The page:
Gain On Sale Of Investment; Gain On Sale Of Land; Extraordinary Gains
Expenses: Cost Of Goods Sold; Salary Expense; Wage Expense; Commission Expense;
Payroll Tax Expense; Insurance Expense For Employee; Insurance Expense; Rent
Expense; Supplies Expense; Uncollectible Expense; Depreciation Expense;
Organization Expense; Amortization Expense; Income Tax Expense; Loss On Sale Of
Investment; Loss On Sale Of Land; Extraordinary Losses
Income Summary （本年利润）
Assets 负债 Liabilities
Cash Short-Term loan
Short-Term Accounts payables
Investments Long-Term loan
Accounts receivables Long-Term Bond
Plant, property & Common Stock
equipment Additional paid-in
Intangible assets Retained earings
Cash Short-Term loan
Short-Term Accounts payables
Investments Long-Term loan
Accounts receivables Long-Term Bond
Plant, property & Common Stock
equipment Additional paid-in
Intangible assets Retained earings
Dr: Materials Inventory / Land / Equipment / Franchises / Patents / …
Cr: Cash / Accounts Payable / Notes Payable
Dr: Accounts Payable / Notes Payable
Dr: Cash / Accounts Receivable / Notes Receivable
Cr: Sales Revenue
Sale Tax Payable
Dr: Cost of Goods Sold
Cr: Finished Goods Inventory / Inventory
Dr: Accounts Receivable
Cr: Sales Revenue
Cr: Accounts Receivable
the Direct Write-off Method
Dr: Uncollectible Account Expense Write off uncollectible accounts
Cr: Accounts Receivable
Dr: Wage Payable / Salary Payable / Accounts Payable / Note Payable / …
Dr: Rent Expense / Insurance Expense
Cr: Prepaid Rent / Prepaid Insurance
How to understand the liability-to-asset ratio?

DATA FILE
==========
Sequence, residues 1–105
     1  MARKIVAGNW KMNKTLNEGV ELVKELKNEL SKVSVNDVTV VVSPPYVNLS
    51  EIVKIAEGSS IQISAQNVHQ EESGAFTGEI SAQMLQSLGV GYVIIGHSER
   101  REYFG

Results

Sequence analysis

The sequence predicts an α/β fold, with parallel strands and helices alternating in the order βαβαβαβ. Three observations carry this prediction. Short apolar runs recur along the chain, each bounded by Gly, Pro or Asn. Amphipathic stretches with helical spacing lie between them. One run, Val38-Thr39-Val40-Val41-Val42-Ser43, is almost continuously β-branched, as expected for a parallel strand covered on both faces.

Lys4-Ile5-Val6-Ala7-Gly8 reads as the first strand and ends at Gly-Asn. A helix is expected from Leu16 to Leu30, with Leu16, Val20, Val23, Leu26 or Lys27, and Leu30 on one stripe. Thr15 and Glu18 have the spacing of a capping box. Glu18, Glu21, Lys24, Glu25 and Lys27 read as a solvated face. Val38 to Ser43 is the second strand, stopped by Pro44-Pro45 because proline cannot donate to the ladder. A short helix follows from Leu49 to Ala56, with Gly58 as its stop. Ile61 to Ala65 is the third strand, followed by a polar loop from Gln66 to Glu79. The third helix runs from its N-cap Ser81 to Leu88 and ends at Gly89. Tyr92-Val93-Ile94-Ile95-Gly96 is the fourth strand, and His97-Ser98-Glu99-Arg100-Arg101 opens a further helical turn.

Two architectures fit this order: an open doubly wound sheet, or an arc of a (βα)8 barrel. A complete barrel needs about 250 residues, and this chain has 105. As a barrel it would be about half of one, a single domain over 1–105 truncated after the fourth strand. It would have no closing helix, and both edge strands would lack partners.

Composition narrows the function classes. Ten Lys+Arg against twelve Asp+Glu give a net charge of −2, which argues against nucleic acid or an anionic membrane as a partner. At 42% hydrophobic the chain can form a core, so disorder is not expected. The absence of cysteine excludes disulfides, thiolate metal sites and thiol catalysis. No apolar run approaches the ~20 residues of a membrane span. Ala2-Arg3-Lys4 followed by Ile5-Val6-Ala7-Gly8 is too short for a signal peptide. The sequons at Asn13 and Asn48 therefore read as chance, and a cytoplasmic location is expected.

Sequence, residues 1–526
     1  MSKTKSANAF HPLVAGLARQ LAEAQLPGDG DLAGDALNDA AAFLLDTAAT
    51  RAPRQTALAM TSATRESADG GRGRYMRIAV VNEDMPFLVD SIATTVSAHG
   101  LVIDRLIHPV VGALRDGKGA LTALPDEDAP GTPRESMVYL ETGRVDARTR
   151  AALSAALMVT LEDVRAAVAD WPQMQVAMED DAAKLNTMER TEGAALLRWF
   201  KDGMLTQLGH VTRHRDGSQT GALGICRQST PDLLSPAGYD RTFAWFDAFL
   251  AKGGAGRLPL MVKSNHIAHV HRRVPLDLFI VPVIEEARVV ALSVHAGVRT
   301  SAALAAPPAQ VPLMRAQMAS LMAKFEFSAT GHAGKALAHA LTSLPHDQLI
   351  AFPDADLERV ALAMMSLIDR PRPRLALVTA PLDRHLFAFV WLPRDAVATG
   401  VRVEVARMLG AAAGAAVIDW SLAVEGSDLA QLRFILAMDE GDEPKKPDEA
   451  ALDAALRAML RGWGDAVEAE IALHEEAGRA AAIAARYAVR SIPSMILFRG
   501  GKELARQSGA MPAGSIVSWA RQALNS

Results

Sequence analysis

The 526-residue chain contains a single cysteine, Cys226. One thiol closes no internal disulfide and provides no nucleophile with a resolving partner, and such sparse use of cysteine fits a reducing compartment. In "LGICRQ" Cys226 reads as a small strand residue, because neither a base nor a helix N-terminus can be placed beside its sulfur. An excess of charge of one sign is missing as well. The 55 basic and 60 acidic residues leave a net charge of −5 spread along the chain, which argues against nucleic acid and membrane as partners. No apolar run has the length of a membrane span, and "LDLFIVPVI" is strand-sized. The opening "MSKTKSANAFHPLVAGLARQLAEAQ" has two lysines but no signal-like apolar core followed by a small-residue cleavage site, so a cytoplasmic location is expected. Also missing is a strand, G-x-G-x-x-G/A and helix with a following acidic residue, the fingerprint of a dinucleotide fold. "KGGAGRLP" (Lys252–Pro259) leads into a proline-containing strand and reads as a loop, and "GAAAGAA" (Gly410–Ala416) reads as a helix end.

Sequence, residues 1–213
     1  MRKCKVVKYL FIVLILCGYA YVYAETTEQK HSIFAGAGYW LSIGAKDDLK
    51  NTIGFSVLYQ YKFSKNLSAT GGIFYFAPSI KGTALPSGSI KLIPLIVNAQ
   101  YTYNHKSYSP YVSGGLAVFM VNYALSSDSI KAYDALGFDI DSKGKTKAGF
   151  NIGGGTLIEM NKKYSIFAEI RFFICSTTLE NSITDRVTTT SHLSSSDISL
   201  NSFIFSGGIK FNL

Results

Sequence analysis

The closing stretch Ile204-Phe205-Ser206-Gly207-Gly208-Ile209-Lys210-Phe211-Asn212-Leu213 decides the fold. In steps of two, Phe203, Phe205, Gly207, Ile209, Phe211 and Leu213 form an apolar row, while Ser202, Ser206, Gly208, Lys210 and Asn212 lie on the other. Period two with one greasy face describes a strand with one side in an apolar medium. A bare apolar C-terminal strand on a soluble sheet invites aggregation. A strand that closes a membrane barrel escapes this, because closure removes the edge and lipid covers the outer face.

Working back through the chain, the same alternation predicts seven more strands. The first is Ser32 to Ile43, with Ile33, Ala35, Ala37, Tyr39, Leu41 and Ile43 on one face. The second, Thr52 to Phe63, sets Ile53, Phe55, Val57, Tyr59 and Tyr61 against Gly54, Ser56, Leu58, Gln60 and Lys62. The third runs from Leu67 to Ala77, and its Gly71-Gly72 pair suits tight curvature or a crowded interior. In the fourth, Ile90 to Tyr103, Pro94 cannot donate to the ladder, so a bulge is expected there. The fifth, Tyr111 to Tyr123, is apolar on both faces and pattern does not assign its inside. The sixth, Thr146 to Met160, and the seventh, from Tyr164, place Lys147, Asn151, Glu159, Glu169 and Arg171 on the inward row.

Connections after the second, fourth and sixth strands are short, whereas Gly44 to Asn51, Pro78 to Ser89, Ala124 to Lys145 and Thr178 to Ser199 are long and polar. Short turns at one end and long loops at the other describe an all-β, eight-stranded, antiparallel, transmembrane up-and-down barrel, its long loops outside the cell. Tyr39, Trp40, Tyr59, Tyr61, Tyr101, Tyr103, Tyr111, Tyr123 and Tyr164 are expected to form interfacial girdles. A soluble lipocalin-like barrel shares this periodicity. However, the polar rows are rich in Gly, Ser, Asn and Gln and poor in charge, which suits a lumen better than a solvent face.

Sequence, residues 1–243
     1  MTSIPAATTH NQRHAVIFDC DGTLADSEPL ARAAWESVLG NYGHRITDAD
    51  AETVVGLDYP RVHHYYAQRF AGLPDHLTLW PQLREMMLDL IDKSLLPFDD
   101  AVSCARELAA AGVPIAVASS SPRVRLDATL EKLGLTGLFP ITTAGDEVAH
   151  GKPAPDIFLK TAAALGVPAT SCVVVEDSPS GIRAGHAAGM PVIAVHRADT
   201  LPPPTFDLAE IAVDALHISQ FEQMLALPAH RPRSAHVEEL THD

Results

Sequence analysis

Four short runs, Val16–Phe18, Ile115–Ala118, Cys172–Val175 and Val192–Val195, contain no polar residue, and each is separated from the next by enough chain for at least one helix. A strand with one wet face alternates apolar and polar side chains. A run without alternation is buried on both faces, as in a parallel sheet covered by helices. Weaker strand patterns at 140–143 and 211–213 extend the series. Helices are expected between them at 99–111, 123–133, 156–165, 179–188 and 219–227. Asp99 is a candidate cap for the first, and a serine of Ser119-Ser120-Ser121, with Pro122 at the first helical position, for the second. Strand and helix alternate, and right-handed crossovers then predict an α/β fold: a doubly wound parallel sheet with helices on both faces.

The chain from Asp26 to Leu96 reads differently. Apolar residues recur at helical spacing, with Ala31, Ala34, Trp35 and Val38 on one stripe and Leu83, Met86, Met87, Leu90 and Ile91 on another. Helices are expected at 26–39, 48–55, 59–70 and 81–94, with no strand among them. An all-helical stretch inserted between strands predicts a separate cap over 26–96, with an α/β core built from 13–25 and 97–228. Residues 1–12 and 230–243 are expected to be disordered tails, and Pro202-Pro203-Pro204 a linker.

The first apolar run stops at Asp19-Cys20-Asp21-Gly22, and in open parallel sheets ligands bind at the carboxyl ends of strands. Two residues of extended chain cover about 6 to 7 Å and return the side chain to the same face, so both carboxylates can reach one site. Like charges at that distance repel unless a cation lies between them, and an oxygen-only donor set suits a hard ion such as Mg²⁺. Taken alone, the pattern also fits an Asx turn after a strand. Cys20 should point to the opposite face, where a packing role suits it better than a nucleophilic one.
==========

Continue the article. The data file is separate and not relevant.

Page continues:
Bankruptcy, shortage of cash flow
How to manipulate the liability-to-asset ratio
Changing creditor to shareholder
Reimbursing loans at the end of the year
How to understand the financial leverage?
Owner’s equity=shareholder’s equity=net assets-book value
Mergers & Acquisitions (M&A)
Independent director system
Independent director system will be instituted in corporation, on one side it can
control inner stockholders do something no benefit to corporation and outside
stockholders by their control station, on another side it can independently supervise
the management of corporation, then firm the corporation governance structure.
An apple-pie dropping from the sky: good or evil?
确定了 2：8 的出资比例，同时中方还主动提出赠送给该合资企业一个资产规模为 300 万元
State-owned Assets Supervision
【关于重大诉讼事项的公告，2009 年 5 月】某上市公司(holding stockholder)的子公
司 W 气体厂有限公司 1997 年为 W 五羊经济技术发展公司【经贸委的公司】的 1100 万元
借款提供担保。1998 年，债权人中国工商银行 W 市大德路支行因 W 五羊经济技术发展公
司到期无法还款向 W 市中级人民法院起诉，W 气体厂有限公司因为其担保承担连带偿还责
2005 年，原债权人中国工商银行 W 市大德路支行将上述债权转让(convey)给中国华融
资产管理公司 W 办事处。2007 年，中国华融资产管理公司 W 办事处又将债权转让给嘉沃
2008 年，应债权人要求，W 市中级人民法院按照（1999）穗中法经执字第 107 号、
108 号民事裁定书查封（close down）了 W 气体厂有限公司的 7 处房产，后又查封了 W 气
公司对子公司 W 气体厂有限公司发生的历史诉讼案件非常重视，立即与 W 钢铁集团和
W 气体厂有限公司是 2002 年从 W 钢铁集团通过资产置换的形式进入股份公司的，有
Appendix: EVA(Economic Value Added)
经济增加值在 20 世纪 90 年代初美国 Stern Stewart 管理咨询公司将 EVA 发展成为一
为 EVA 是当今最热门的财务概念之一，并将得到越来越广泛的应用。
$100 图 1 1996 年－
1996 1997 1998 1999 2000
(NOPAT，Net Operating Profit After Tax)来衡量。资本成本则等于公司的加权平均资本成
本率(WACC，Weighted Average Cost of Capital)与全部投入资本(CE，包括债务资本和股
Accounting System Feature 1: Accrual Accounting
One of the fundamental features of corporate financial reports is that they are
prepared using accrual rather than cash accounting. Unlike cash accounting, accrual
accounting distinguishes between the recording of costs and benefits associated with
economic activities and the actual payment and receipt^ of cash. Net income is the
primary periodic performance index under accrual accounting.
Eg. Accounts receivables, Accounts payables,
To compute net income, the effects of economic transactions are recorded on
the basis of expected not necessarily actual, cash receipts and payments. Expected